High on the Hog
By Martin Brown,
Common Sense Media Reviewer
Common Sense Media Reviewers
Food doc gives powerful new perspective on American history.
A Lot or a Little?
What you will—and won't—find in this TV show.
Positive messages about the importance of learning history, knowing where your food comes from, and healing from trauma.
Positive Role Models
Host Stephen Satterfield and his guests display knowledge, compassion, and understanding throughout. Many featured cooks and interviewees are Black.
Violence & Scariness
Slavery is a recurring topic, and there are graphic descriptions of abuse and violence toward enslaved people throughout the series.
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Products & Purchases
Features specific restaurants and chefs throughout the series, but no other consumerism is featured.
Drinking, Drugs & Smoking
Alcohol is consumed and commented on as part of the meals throughout the show.
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Parents Need to Know
Parents need to know that High on the Hog is a food and travel documentary about the influence and impact of African and African-American cuisine in America. The series looks at food thoughtfully, from a historical and cultural perspective. Host Stephen Satterfield begins the series by traveling to Benin in West Africa, then visiting several places in the U.S. Each episode focuses on a different element of food, from West African dishes to how Thomas Jefferson's chef popularized macaroni and cheese. Slavery is a recurring topic, and there are graphic descriptions of abuse and violence toward enslaved people throughout the series. Alcohol is consumed and commented on as part of the meals throughout the show. More than a typical food tourism show, High on the Hog digs into the history of food, which can include violence and tragedy, and presents it in an accessible, illuminating, and compassionate way.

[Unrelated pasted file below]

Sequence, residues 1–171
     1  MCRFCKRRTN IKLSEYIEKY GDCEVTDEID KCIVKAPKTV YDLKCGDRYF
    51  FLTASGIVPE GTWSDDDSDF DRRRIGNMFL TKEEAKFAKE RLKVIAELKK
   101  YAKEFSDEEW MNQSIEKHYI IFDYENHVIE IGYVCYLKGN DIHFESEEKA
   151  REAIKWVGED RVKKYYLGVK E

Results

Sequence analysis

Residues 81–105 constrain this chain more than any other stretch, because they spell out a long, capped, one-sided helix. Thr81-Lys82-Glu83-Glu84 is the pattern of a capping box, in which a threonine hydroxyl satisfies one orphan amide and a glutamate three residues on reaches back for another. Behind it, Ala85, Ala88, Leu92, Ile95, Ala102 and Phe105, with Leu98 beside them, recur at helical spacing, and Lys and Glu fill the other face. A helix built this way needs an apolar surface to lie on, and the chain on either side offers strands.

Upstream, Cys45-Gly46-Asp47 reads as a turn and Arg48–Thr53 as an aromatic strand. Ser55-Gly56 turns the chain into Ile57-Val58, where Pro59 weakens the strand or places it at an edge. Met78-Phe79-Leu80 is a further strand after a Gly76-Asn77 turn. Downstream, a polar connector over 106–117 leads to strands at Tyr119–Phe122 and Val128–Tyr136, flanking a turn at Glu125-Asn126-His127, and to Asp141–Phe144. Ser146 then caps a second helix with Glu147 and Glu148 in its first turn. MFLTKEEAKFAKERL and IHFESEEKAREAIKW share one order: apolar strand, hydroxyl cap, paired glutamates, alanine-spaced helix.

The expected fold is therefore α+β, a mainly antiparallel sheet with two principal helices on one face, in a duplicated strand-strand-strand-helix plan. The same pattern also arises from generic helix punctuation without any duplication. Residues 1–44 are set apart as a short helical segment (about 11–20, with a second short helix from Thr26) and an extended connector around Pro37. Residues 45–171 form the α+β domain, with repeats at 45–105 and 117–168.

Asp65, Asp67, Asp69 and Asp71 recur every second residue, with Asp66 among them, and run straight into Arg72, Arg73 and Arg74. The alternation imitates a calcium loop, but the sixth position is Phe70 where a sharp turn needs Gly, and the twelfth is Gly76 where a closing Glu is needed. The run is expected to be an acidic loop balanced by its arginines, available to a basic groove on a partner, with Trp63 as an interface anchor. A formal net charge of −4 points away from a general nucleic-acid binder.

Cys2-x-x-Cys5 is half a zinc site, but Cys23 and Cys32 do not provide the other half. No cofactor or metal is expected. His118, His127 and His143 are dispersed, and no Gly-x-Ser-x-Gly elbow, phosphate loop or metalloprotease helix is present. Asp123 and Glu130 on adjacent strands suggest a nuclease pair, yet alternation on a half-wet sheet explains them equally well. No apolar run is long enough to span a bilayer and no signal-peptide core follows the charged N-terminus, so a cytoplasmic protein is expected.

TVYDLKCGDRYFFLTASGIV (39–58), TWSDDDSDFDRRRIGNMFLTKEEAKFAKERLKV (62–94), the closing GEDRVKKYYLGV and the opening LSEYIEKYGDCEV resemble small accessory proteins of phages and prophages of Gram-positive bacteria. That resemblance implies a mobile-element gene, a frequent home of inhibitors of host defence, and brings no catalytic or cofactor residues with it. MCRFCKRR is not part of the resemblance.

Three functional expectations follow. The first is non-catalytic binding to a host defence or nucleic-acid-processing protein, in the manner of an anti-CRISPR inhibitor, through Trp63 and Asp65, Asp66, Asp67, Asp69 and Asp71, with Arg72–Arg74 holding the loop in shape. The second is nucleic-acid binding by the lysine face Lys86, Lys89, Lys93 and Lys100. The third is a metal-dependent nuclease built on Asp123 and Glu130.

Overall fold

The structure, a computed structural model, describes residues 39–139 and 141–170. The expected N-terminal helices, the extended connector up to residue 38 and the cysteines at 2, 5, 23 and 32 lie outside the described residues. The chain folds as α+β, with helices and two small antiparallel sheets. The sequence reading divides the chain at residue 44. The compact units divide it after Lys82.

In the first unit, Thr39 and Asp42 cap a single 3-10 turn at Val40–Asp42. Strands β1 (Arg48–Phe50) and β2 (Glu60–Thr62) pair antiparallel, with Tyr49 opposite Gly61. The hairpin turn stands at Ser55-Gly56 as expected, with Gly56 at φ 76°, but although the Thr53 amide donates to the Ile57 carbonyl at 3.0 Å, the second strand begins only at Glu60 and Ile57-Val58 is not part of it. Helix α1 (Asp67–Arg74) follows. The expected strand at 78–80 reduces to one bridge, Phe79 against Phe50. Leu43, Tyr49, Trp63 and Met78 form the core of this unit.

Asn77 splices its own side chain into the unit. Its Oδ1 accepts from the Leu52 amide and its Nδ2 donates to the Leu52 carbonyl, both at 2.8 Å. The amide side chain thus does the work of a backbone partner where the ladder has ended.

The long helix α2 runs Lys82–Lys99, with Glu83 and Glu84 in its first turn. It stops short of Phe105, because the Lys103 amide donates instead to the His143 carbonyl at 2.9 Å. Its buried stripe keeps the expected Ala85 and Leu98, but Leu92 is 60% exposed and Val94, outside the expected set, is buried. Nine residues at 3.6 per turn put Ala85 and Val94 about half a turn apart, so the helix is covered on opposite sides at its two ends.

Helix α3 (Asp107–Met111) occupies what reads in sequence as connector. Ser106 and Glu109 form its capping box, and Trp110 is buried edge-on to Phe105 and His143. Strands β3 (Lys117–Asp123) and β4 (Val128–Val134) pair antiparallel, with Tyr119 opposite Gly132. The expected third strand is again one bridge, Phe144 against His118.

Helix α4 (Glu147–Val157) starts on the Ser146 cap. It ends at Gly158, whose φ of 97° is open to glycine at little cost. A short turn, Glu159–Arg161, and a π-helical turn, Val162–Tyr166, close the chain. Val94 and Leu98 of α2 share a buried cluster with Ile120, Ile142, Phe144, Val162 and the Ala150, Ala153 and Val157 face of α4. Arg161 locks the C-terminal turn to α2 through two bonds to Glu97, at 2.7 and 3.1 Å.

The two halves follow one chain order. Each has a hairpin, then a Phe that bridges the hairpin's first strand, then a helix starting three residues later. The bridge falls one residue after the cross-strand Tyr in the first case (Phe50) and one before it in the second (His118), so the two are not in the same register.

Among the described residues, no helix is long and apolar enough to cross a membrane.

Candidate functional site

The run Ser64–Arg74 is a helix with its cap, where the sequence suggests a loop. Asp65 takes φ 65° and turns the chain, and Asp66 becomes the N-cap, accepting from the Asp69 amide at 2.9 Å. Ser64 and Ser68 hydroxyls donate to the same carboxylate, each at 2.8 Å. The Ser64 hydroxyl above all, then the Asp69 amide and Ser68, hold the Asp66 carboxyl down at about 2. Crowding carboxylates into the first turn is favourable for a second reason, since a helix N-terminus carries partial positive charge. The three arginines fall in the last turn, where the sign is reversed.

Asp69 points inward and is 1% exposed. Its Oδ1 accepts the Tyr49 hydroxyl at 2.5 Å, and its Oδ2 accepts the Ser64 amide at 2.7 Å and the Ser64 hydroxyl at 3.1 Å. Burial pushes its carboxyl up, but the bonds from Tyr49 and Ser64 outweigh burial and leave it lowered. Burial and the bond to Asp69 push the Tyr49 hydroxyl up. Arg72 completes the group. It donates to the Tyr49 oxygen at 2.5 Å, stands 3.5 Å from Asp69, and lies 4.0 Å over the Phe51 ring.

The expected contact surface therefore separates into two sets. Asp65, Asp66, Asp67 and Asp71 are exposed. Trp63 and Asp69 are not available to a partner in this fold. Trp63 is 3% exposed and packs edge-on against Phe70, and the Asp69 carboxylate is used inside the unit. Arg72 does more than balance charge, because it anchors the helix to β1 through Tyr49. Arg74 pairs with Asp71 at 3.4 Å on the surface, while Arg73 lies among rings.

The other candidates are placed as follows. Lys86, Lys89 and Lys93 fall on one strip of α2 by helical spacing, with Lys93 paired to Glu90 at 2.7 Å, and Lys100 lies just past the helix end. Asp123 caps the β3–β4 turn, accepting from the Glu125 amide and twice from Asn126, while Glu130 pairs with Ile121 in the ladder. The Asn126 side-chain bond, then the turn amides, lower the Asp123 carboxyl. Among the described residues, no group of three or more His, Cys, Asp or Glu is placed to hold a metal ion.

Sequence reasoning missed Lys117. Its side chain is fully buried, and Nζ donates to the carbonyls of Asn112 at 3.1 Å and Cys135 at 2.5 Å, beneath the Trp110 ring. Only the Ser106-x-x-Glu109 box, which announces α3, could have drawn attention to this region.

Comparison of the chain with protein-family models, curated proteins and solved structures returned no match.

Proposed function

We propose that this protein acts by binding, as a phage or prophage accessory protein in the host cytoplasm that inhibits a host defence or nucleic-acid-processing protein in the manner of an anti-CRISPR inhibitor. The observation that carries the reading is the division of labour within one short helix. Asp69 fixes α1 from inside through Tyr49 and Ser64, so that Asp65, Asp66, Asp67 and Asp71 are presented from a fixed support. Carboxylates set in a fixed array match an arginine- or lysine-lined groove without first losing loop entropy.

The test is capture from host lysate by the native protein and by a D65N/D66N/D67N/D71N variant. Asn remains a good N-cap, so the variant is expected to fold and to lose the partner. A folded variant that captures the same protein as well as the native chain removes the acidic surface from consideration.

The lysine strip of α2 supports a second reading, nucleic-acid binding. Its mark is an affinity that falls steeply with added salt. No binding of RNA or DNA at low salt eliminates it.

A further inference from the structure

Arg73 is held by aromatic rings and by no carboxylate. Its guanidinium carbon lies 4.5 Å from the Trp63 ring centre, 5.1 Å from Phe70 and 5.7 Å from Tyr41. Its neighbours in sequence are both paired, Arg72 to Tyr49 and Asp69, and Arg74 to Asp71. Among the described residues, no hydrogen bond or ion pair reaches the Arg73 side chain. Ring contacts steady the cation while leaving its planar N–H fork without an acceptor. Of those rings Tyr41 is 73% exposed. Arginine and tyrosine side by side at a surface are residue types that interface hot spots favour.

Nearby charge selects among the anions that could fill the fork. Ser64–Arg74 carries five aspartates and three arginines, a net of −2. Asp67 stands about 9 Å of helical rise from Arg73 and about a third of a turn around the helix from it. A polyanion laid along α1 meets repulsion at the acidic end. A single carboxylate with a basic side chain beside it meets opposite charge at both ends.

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High on the Hog
Based on 1 parent review
Culture, history and food!
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What's the Story?
Host Stephen Satterfield looks at how African-American cooking has had a profound impact on American food culture, and what emerges is an undertold history of America itself. This series looks at the complex relationship between wealth and cuisine, and how foods associated with fancy dining didn't always come from high society. The phrase "high on the hog" comes from food, the idea that those who ate the best meat, from the best parts of the pig, were those with wealth and privilege. So they were living, literally, high on the hog.
Is It Any Good?
Inspired by Dr. Jessica B. Harris's book of the same name, High on the Hog takes this idea to incredible heights, exploring food, culture, and American history in a way that is accessible, powerful, and often emotional. It begins like many food shows, by shopping for ingredients. The difference is that Harris and host Stephen Satterfield are in a market in the country of Benin in West Africa, pointing out how yams are not the same thing as sweet potatoes. Then, patiently, the series expands into a rich mosaic of food and culture that traces American food culture back to the Atlantic slave trade. That may sound daunting, and Satterfield and his guests are certainly not afraid to discuss the traumatic realities of slavery that continue to impact nearly every aspect of American culture, but the focus always comes back to the food. Through something as seemingly benign as, for example, eating mac 'n cheese, High on the Hog uses compelling, compassionate storytelling to give viewers a deeper understanding of American history.
Talk to Your Kids About ...
Families can talk about food. What foods do they cover in High on the Hog? Which of those foods do you eat? What did you learn about the history of those foods? Did any of it surprise you?
Why is it important to learn about the history of food? Does it change what or how you eat? What are some parts of High on the Hog that gave you a new perspective on cuisine? Did it make you want to try any new foods?
What are the ways that the history of American food dovetails with Black history? Why do the people featured in High on the Hog feel that cooking is important?
- Premiere date: May 26, 2021
- Cast: Stephen Satterfield
- Network: Netflix
- Genre: Educational
- Topics: Activism, Cooking and Baking, History
- TV rating: TV-14
- Award: Common Sense Selection
- Last updated: February 18, 2023
Did we miss something on diversity?
Research shows a connection between kids' healthy self-esteem and positive portrayals in media. That's why we've added a new "Diverse Representations" section to our reviews that will be rolling out on an ongoing basis. You can help us help kids by suggesting a diversity update.
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